WTDormBedDearest Valerie,

You’re unpacked and getting settled now in your dorm room at West Texas A&M. You’re officially now in college. You’ve moved out of the house — mostly. You’re a big girl. “Hers is.”


This has happened so fast. I don’t mean just the past eighteen years — yes, those have flown by — but the past three or four weeks, too. I have so wanted to take you out to dinner over the past few nights, just one dinner, just you and me, Dad and his Little Middle. I’ve wanted to look into your beautiful spotted eyes and tell you face to face, heart to heart, how super proud I am of you. How I do feel really honored and blessed to be your father. How I so enjoy spending time with you. How unbelievably talented and smart I think you are and how unlimited your potential.

I wanted to try to communicate all the things I want so badly for you. Not for me, not for some weird validation of my parenting. But, truly for you. All the learning you’re about to do — you’re going to learn more in the next four years academically and about life and about yourself than in your first eighteen years combined; pay attention. All the new people you’re about to meet — from different places and different backgrounds with different worldviews — learn from them, grow with them, appreciate them. All the parties and social events you’re going to experience — have fun, daughter, have fun; be crazy, be spontaneous, be wild. All the decisions you’re going to make — think big picture and eternal, not right now and temporary.

There’s just not enough time or space to write down everything that’s in my heart today for you. I’m gushing, overflowing, with pride and excitement for you. And, yeah, a little bit of concern in there, too. Not much; just a little.

And I do have some expectation. You know I do.

I expect you to continue living every aspect of your life for our Lord Jesus. I expect every part of you — everything you say and do and think — to reflect his glory. Make decisions that will bring him praise. Interact with people in ways that will bless them in his name. Be kind and respectful, compassionate and caring, loyal and true. Maintain your good character and keep developing your integrity. Stay engaged with a Christian community of faith. Keep praying to our Father, keep following our Lord, keep living in his Spirit, keep growing in his Word.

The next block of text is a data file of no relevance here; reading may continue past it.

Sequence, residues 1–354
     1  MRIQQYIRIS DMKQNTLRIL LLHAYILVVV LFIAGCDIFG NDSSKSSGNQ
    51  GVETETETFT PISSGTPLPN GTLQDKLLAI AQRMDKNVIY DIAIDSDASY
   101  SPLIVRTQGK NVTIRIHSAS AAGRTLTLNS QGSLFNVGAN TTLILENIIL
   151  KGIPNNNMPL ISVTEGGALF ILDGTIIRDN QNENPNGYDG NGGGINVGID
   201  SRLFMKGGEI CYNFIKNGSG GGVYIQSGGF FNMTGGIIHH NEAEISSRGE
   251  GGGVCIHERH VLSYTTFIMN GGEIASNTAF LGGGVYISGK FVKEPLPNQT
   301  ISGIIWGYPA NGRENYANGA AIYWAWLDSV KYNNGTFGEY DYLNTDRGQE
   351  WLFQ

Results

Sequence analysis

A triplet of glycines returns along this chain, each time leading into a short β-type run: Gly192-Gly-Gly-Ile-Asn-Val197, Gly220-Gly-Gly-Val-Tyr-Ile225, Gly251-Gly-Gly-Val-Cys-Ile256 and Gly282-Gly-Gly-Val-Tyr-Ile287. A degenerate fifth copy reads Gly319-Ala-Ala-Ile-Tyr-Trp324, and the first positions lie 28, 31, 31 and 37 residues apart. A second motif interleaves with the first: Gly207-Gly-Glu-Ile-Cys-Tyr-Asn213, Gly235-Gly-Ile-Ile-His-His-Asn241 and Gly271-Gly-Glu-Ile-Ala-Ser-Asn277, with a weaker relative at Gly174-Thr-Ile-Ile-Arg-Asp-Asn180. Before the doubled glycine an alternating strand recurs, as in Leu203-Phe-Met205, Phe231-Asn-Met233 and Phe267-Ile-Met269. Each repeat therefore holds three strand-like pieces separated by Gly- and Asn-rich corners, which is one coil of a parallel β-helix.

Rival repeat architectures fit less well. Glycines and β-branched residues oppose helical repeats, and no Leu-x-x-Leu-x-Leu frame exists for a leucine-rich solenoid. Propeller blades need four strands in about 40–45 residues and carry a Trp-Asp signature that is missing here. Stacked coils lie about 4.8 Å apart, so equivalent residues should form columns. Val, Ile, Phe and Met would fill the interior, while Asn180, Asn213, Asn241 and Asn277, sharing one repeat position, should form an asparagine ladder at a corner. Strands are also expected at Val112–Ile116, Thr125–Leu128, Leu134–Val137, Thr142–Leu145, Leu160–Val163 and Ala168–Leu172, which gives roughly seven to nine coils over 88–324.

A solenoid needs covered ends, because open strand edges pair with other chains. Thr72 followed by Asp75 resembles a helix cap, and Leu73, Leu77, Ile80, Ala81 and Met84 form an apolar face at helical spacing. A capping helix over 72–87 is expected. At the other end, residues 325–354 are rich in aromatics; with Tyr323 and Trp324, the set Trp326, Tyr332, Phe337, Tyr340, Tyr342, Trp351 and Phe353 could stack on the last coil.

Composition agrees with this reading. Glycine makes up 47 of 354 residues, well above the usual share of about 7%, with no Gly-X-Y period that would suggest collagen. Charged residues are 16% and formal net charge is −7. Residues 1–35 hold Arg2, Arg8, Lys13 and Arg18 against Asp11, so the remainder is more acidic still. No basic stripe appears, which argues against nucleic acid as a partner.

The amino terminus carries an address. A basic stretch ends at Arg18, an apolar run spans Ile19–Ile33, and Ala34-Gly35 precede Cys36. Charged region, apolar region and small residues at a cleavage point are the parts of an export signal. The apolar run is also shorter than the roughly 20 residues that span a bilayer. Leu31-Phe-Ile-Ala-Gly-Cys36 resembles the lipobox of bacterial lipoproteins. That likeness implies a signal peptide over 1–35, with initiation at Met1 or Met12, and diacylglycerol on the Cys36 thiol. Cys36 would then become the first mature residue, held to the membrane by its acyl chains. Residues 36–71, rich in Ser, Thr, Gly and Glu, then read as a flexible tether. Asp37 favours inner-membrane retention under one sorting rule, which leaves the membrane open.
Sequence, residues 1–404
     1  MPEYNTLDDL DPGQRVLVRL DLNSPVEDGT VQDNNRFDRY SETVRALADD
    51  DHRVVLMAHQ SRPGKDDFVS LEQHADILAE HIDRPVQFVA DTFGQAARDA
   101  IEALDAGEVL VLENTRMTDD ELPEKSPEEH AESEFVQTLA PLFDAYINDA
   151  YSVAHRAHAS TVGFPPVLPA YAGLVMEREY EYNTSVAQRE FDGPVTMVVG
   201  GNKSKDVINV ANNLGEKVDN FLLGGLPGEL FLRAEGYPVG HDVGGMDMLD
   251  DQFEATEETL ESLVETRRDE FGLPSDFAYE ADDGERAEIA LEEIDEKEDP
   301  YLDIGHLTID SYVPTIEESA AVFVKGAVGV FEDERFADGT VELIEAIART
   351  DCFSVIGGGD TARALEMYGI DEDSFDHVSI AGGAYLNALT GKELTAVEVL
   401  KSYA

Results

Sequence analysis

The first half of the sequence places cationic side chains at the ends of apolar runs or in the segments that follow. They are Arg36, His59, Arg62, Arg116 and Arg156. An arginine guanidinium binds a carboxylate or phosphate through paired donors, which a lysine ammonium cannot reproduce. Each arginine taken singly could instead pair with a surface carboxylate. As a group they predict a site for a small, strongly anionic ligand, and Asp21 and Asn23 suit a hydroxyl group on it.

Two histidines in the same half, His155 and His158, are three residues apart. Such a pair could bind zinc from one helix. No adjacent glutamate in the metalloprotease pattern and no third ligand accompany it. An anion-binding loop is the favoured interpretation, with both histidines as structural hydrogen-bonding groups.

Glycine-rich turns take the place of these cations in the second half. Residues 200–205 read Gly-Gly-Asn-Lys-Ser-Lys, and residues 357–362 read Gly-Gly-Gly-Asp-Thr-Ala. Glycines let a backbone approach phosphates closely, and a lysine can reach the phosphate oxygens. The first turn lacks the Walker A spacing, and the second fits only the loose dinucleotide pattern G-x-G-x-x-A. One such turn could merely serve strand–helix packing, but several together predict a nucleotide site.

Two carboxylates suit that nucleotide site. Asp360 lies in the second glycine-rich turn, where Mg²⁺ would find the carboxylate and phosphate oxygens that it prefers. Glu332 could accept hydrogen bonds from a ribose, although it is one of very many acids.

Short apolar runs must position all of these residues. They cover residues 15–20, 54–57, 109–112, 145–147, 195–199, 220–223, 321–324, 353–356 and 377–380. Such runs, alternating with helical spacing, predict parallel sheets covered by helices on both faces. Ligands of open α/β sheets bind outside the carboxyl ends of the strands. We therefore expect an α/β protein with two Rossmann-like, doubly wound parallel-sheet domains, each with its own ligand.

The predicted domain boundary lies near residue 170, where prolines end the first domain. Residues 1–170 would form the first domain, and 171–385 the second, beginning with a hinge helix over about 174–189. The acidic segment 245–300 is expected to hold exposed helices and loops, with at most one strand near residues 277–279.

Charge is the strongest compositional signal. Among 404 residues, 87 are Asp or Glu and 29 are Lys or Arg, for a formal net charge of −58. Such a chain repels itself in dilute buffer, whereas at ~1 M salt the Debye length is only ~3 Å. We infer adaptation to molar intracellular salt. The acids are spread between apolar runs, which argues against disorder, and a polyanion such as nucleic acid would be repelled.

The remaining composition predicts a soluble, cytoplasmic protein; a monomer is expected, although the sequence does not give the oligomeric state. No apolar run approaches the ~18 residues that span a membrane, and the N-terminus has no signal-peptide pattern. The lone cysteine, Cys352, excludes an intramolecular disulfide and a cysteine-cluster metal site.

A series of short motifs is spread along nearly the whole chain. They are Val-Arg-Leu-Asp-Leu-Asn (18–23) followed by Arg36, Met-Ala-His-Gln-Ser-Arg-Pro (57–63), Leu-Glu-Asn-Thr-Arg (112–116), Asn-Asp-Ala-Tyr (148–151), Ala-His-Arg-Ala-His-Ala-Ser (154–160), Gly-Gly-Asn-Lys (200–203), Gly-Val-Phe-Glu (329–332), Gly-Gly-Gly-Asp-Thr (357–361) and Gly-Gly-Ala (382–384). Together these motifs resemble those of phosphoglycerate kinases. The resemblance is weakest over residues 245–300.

I expect you to make good grades. Your first priority is your education, not your sorority or your coffee shop, not any parties or boys. Study regularly. Stay organized. Do your homework. Talk to your teachers. Not only is this costing us a lot of money, it’s fairly important to your long range plans for life.

WTDormI expect you to remain very much my daughter and a vital member of our family. Call us. Come see us. Keep us posted. Share your ups and downs with us, your victories and defeats. Keep your little sister in the loop. Stay in touch with your big sister. Remain in communication with your mother. And throw me a bone every now and then.

We’ve been preparing for this day for a long time. In a lot of ways, you’re on your own now. In the coming months and years, you’re going to become more independent, more responsible, more able to manage the complications of adult life. But you’re never — NEVER! — going to be alone. Your mom and I are always going to love you and support you. We promise. Without even knowing what forms that might require, we promise to always protect you and provide for you. We’re always going to help you. You know that, right? I want that to be very clear to you. We love you. You can always come to us with anything. And we’re always going to move heaven and earth to do what you need us to do.

I love you, Valerie. I’m so proud of you. And I can’t wait to see how this all turns out. I’m very excited about this.

When Monday morning comes and you’re heading out your dorm for that very first day of college classes, I hope you can hear my voice: “Work hard! Learn a lot! Be sweet!”